The source of brain insulin remains controversial. While preproinsulin mRNA has been reported in the neurons [153-155], very little insulin is synthesized in the brain [156]. Additionally, glial cells have been found not to be involved in insulin production [157], therefore, it is recognized that the majority of insulin in the brain is produced by pancreatic β cells [158-161]. In contrast, IGF-1 is produced locally in the brain and does not depend on growth hormone influence as is the case of liver and other tissues [148].

Neuronal insulin receptors are different than those found in the periphery [162]. Insulin receptors are present in one of two isoforms; the IR-A isoform that lacks exon 11 that the other isoform, IR-B, expresses [163, 164]. A major functional difference between the two isoforms is that IR-A has a higher affinity for the neurotrophic factor Insulin-like Growth Factor – 2 (IGF-II) [165] and a slightly higher affinity for insulin [166] and has also been shown to associate/dissociate with insulin quicker than IR-B [149]. Brain specific insulin receptors are mainly the IR-A isoform and as result of differential glycosylation have a lower molecular weight than their peripheral counterparts [162].

Structurally, the insulin receptor is a homodimer composed 2α chains and 2β chains held together with disulphide bonds [167-169]. Insulin receptor binding of insulin/IGF-1 results in a conformational change that activates the catalytic tyrosine kinase activity of the β subunits [170]. This activation of the insulin receptor results in autophosphorylation at multiple tyrosine residues [171, 172] including tyrosine 960 in the juxtamembrane region of the β subunit [173, 174]. Phosphorylation at this site is a vital component of the insulin signaling cascade because it provides a binding motif for the phospho-tyrosine binding (PTB) domain of IRS [173, 174]. Once docked to the insulin receptor, IRS is phosphorylated on tyrosine residues [170].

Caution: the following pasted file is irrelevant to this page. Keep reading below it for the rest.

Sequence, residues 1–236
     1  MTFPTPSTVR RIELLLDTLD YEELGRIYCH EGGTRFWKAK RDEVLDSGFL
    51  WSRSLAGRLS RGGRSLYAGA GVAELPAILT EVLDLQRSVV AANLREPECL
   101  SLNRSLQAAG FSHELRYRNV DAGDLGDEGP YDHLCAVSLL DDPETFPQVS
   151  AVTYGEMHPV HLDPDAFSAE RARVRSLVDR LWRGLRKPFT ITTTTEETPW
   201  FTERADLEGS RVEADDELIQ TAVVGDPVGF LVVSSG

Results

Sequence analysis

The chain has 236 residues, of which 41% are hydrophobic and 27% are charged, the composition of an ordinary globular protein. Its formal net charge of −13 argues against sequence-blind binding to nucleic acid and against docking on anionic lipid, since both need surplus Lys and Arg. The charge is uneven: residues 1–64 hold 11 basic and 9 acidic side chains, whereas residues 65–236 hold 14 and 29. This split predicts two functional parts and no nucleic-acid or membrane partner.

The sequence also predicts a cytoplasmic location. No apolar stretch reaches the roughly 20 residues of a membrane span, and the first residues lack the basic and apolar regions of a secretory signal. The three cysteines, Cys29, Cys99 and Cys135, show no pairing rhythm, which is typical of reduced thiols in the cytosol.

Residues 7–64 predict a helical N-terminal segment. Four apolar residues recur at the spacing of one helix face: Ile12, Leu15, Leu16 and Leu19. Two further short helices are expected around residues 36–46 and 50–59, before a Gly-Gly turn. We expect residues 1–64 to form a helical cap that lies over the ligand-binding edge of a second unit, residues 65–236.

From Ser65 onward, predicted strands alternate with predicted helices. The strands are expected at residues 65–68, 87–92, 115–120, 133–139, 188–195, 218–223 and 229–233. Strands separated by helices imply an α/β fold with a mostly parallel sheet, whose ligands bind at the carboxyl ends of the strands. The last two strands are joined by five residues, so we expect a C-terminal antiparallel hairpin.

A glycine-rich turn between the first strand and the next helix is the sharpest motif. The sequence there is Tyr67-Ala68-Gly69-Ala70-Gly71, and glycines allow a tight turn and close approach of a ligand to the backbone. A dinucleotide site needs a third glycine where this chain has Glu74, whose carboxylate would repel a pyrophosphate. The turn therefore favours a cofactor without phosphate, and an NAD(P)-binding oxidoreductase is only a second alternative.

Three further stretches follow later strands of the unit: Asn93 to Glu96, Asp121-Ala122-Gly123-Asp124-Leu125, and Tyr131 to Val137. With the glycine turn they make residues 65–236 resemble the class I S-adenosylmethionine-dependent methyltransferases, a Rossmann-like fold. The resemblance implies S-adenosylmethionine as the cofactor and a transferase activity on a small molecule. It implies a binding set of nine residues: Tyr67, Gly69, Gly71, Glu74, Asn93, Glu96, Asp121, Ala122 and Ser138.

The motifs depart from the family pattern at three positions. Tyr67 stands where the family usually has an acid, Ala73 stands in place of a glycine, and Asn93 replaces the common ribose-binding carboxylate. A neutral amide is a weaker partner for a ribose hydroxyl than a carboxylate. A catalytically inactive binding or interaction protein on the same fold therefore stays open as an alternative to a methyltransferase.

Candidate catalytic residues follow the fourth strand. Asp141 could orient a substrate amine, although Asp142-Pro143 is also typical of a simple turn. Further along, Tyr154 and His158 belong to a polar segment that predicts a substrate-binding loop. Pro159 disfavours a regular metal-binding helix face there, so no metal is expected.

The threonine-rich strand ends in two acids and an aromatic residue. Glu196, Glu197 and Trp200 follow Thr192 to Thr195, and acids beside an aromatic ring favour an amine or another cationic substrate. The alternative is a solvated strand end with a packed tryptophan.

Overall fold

Tyrosine phosphorylation of IRS proteins creates binding sites for Src homology 2 (SH2) domain containing proteins such as PI3K [175]. PI3K catalyzes the production of 3’phosphoinositide secondary messengers which are critical to the insulin signaling cascade. PI3K is composed of a catalytic p110 subunit and a regulatory p85 subunit that contains SH2 domains that interact with activated IRS [176]. Formation of the IRS/PI3K complex increases the catalytic activity of the p110 subunit [177].

3’phosphoinositides produced by PI3K are important signal conductors that bind to PH (pleckstrin homology) domains on proteins such as IRS [177] and Akt [178]. This interaction is needed to bring IRS and AKT proteins towards the inner layer of the plasma membrane near the juxtamembrane region of the insulin receptor [179] and in close proximity to activating kinases, respectively [180-185]. Furthermore, binding of 3’phosphoinositides is required for Akt to be competent for phosphorylation [184, 186-188].

Akt has two phosphorylation sites, Thr 308 and Ser 473, capable of inducing catalytic activity [189]. PDK1, which also depends on 3’phosphoinosites for its function, phosphorylates Akt at Thr 308 [189, 190].While overexpression of PDK1 has been shown to activate Akt [186], optimal activation of Akt requires additional phosphorylation at Ser 473 by mTORC2 [191] which stabilizes the conformation state of Akt [192].

Akt mediates the neurotrophic effects of insulin/IGF-1, in part, by inhibiting pro-apoptotic machinery [193] and concomitantly activating anti-apoptotic proteins [194-198]. Akt’s role in neurotrophic support also involves the regulation of survival transcription factors such as NF-κB [199] and CREB [198] as well as those involved in pro-death gene expression such as the FoxO family [200-202]. Moreover, Akt is involved in production of the neurotrophin BDNF [198], activation of proteins involved in neurite outgrowth (for review see: [203]) and regulation of the metabolic protein GSK-3β [204].

Akt and Bcl-2 family members The Bcl-2 family is a structurally related group of proteins that regulate cell death through effects on the mitochondria [205] (for review see [206, 207]). Bcl-2 members include the pro-apoptotic proteins BID, BIM, PUMA, BAD, NOXA, BAX, and BAK [205] along with anti-apoptotic mediators such as Bcl-2 and Bcl-xL [205]. Because Bcl-2 proteins possess the ability to form heterodimers with one another [208-210], their regulation of apoptosis can be described as a balancing act in which an increase of anti-apoptotic members leads to survival while increased pro-death proteins result in apoptosis.